Hey dudes, check it out -
and a YouTube debate
and the right wing, set to rap.
I don't always fight wars,
but when I do, I win.
Hold on for a sec,
while I take a selfie.
I hate it when I hear things like “an historical moment” said in an American accent. I hate it more when people actually cite those instances as an exception to the “a-an” rule. The reason why you see “an” in front of words starting with “h” is that in British English that “h” is silent. That’s it. If you’re reading something out loud, you can say “an historical” or “an happy” or whatever. I guess. Otherwise, stop it! (And to be honest, I try to read those things with a British accent. “an ‘istorical”. “an ‘appy’'.)
There. I feel better now.
I've heard from various sources that men can't understand women. I've always had trouble believing this. In fact, I have a hard time believing any generalization about "men are like this" or "women are like that", even though I know that there are some actual differences. The thing is, there are more differences within a given gender than there are between genders. I suspect that the source of most of the perceived barriers of understanding come from the fact that people are more likely to care about relationship issues with the person they're in love with (or attracted to), and they just assume that the issues come from a gender difference. In reality, I think these issues come simply because they're two different people with different perspectives and values.
So in other words, women aren't hard to understand. People are hard to understand. Men just don't feel the need to understand other men as well.
As an example, my wife and I were recently talking about the stereotype about men always wanting to fix things. We both decided that both men and women can be prone to that, and that it’s a natural extension of caring about someone. You hear about a problem that someone has, and you want to fix it. I think the issue here is understanding what the problem is. If someone expresses a problem that they want a solution for, they’ll generally state it as an actual problem. But if they express it in terms of what they feel about it, there’s a good chance that they’re looking for validation of that emotion. They’re unhappy, and they don’t want to be alone in facing the challenge. They might already have a solution in mind, or they might be holding back details of the situation for simplicity – details that would be essential in coming up with an actual situation. Either way, someone looking for validation isn’t going to have any use for a quick solution tossed out there, whether you’re talking about a man or a woman.
So how do you come to understand someone else? I think it comes down to two things: love and communication. If you don't like someone on some level, (and if you don't respect them at least), you won't be invested enough to see the world from their perspective. And if you don't talk about how both of you feel and why, you're not going to understand each other. We send a lot of nonverbal communication, but it's very easy to misinterpret. You have to speak to really communicate. And of course, in order for communication to work, both people have to be introspective enough to understand themselves - what their rational and emotional reasons for doing things are. This does not come naturally to everyone, but it is very important. (Incidentally, it's one of my favorite things about my wife.)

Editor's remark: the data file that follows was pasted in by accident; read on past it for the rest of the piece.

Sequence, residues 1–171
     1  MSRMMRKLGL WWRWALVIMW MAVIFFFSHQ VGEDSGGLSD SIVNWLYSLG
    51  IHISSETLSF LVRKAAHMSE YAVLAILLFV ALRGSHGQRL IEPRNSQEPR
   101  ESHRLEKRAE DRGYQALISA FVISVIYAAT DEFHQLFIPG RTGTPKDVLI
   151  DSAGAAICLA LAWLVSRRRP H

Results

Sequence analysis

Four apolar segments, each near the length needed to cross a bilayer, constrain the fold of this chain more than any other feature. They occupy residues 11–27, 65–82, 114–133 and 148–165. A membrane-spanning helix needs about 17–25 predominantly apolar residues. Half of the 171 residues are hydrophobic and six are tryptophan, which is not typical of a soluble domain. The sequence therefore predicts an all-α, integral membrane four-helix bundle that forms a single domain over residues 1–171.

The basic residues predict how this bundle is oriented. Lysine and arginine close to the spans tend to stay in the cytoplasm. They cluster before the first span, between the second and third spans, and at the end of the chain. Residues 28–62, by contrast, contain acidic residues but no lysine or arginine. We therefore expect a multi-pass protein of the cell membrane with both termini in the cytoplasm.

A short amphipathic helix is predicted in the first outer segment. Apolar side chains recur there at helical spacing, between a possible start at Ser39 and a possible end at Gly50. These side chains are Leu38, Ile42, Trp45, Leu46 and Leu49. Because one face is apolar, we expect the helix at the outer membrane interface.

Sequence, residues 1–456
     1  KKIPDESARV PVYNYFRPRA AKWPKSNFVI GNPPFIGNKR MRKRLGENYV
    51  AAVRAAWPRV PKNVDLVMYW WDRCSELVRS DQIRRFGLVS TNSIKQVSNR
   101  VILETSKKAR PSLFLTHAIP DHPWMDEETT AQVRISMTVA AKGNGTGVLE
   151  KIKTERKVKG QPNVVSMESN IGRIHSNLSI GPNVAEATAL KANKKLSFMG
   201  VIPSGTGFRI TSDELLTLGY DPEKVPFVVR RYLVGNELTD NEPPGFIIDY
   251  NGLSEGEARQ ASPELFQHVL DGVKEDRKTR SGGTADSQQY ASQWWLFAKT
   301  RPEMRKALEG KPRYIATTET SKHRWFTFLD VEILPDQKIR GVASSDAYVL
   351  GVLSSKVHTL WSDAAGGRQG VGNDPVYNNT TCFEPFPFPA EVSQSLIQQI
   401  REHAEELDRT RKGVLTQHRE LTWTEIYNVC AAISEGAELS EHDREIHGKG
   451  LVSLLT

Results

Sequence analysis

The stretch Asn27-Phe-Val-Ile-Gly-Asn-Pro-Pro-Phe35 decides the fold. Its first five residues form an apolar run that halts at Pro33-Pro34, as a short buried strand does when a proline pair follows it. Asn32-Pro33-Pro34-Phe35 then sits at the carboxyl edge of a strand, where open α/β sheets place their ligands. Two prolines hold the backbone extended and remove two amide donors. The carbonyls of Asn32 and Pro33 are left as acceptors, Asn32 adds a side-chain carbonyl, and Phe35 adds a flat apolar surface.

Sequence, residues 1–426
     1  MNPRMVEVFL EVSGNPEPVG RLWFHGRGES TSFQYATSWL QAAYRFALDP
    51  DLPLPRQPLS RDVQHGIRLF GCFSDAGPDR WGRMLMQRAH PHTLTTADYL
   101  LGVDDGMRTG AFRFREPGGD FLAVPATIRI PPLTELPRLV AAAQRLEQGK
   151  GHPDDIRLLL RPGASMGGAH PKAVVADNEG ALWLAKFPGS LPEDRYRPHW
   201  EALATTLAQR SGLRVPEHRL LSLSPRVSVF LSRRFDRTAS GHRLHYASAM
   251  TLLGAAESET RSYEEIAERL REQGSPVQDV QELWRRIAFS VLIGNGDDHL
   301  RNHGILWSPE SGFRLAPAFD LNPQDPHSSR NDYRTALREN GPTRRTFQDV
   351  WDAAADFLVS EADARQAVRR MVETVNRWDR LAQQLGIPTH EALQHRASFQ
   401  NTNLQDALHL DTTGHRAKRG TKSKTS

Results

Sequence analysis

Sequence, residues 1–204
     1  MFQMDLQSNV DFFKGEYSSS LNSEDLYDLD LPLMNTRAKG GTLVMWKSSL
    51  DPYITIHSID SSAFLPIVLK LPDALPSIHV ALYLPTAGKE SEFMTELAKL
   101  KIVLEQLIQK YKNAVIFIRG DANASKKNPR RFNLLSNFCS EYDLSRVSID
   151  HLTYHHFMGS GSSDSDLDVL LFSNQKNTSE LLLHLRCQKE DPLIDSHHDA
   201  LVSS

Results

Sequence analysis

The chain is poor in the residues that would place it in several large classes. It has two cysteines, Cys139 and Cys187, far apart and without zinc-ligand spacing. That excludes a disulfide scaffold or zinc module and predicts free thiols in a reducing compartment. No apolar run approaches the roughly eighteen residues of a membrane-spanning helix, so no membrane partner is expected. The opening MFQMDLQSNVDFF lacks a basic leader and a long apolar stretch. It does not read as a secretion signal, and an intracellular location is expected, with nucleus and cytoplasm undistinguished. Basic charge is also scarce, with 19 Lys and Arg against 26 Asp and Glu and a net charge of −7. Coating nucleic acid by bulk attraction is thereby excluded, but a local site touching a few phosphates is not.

So there you have it. I heretically declare that anyone can understand anyone if they both have a good understanding of themselves, and if they’re willing to communicate openly. (Granted, that’s a lot like saying that anyone can achieve space travel as long as they have a way to warp space-time and a way to power the thing. But not exactly like that.)
Since I wasn't prepared to buy a Nintendo 3DS just to get the new Zelda game, I decided to replay Oracle of Ages last Christmas, and later I played Oracle of Seasons as well. I just finished it, so it’s time to vent sentiment.
I've long said that Ages was my second favorite Zelda game after A Link to the Past, largely because of its clever items and very classic Zelda feel. I definitely enjoyed it the second time through, but I noticed that I enjoyed the dungeons (levels, whatever) a lot more than the overworld; I actually found myself sort of rushing through the overworld stuff to get to the next level.
And strangely, I may have actually enjoyed Seasons more this time through. Part of this is because it's even more classic than Ages is; Seasons has all the bosses from the original Legend of Zelda for instance, for instance. And while I remembered Ages for its clever items, Seasons has some pretty unique ones too. The other thing is the map: Ages has essentially double the regular map size, because you can travel between the present and the past. And one of the items expands on a huge part of the map even further, in both times. So I was a little disappointed to find that Subrosia, the “map extension” area in Seasons, is much smaller than the main map. The thing is, though, that the main map is larger in Seasons, and it’s more varied since it’s not just two copies of the same terrain. So there might actually be more to explore in that game.